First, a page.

[Today: Jackie Mittoo writes the songs that make Rasta sing…]
A keyboard prodigy who learned to play at age four, Jackie Mittoo was playing professionally by age 14, a founding member of The Skatelites at age 16, and the musical arranger and producer for Clement ‘Coxsone’ Dodd‘s legendary Studio One by the time he turned 18 – a position he held from 1965 until 1968. In addition to supervising sessions, Mittoo also played behind a number of reggae heavyweights, including Bob Marley & The Wailers, Jimmy Cliff, and The Heptones.
But the music that Mittoo recorded for Studio One under his own name is outstanding in its own right. His mostly-instrumental albums live on the fringe of reggae, in the neighborhood of the funk of Booker T & The MGs or the jazz organ of Jimmy Smith. Mittoo’s music arrived just in time for reggae’s dancehall and toasting revolutions, and many of his songs from the 1960’s were versioned into hits of the 1970’s (such as Frankie Paul’s ‘Pass The Tusheng Peng’ and The Wailers’ ‘Duppy Conqueror’). But due to the arcane Jamaican copyright laws of the day, he didn’t receive a dime for the many thousands of records that his rhythms helped sell.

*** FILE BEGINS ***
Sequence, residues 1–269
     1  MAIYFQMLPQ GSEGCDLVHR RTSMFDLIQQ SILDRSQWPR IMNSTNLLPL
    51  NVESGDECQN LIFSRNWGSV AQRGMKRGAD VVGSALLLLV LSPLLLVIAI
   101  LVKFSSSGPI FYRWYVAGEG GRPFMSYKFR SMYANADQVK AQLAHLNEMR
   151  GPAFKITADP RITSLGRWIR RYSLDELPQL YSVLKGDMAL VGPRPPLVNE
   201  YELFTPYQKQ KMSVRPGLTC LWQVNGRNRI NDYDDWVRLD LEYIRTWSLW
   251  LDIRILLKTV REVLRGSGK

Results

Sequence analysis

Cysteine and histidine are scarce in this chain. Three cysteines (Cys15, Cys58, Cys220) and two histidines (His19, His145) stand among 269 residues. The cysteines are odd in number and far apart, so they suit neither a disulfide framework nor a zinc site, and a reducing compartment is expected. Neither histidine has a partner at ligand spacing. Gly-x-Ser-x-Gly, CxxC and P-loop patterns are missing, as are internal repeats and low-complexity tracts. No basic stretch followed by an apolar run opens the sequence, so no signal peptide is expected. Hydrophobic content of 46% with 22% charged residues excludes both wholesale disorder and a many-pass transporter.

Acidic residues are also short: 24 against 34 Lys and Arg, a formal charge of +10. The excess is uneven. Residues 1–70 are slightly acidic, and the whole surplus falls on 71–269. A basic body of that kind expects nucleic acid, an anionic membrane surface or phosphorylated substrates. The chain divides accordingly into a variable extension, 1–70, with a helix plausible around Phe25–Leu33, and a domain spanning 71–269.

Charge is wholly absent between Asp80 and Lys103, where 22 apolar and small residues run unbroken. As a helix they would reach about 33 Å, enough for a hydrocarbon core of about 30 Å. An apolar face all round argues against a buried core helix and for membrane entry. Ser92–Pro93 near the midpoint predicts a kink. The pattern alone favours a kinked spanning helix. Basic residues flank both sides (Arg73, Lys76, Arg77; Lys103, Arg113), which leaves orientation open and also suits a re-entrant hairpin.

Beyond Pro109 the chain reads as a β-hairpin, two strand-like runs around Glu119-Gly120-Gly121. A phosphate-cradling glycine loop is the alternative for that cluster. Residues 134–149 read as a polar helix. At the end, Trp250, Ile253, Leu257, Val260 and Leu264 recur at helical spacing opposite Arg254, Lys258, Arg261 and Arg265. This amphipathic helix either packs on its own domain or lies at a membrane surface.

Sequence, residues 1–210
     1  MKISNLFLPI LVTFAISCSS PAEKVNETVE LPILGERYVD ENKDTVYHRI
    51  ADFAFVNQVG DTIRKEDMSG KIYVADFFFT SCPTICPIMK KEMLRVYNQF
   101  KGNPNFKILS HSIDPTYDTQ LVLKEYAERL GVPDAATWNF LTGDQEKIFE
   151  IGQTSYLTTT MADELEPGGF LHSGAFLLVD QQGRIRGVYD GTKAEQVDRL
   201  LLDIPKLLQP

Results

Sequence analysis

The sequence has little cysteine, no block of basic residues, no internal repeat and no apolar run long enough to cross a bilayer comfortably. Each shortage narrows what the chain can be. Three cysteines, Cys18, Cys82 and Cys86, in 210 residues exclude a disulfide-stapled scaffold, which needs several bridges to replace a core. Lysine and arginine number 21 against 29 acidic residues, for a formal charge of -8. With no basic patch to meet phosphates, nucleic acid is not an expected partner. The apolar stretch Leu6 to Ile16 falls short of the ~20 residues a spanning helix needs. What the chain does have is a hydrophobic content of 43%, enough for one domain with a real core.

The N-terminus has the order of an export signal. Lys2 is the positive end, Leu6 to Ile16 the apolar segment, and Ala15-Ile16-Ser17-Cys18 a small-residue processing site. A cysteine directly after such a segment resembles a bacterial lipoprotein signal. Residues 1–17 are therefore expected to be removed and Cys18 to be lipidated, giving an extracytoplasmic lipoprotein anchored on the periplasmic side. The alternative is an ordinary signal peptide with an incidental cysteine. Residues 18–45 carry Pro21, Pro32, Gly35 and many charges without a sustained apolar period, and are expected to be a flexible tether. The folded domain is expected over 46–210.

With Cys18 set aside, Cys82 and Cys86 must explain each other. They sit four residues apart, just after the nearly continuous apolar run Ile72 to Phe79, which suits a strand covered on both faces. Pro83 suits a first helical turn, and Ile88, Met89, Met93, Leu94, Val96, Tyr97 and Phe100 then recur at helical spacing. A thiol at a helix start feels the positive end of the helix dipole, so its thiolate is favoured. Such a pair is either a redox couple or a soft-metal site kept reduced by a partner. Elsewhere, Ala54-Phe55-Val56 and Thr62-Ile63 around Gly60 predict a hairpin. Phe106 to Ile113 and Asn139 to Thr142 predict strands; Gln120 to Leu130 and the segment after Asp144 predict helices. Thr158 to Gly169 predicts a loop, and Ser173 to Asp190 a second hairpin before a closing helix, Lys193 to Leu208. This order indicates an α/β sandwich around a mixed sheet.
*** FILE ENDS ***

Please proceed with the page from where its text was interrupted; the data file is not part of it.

And what a wealth of rhythms to choose from. The Keyboard King At Studio One compiles Mittoo’s best material from his time with the label, and even though many of these tracks pre-date more conventional reggae, funky workouts like ‘Oboe’ and ‘Get Up And Get It’ are relentlessly catchy and utterly timeless. His cover of Seals & Crofts’ ‘Summer Breeze’ shows that he could recycle as well as be recycled, and ‘Killer Diller’ and ‘Hot Tamale’ set moods as cool as their titles promise. None of this music is structurally complex, but it is sure to please any diehard reggae or funk fan.
Jackie Mittoo succumbed to cancer at age 42 in 1990. For those in the know, his music lives on…
Listen: Get Up And Get It
Listen: Summer Breeze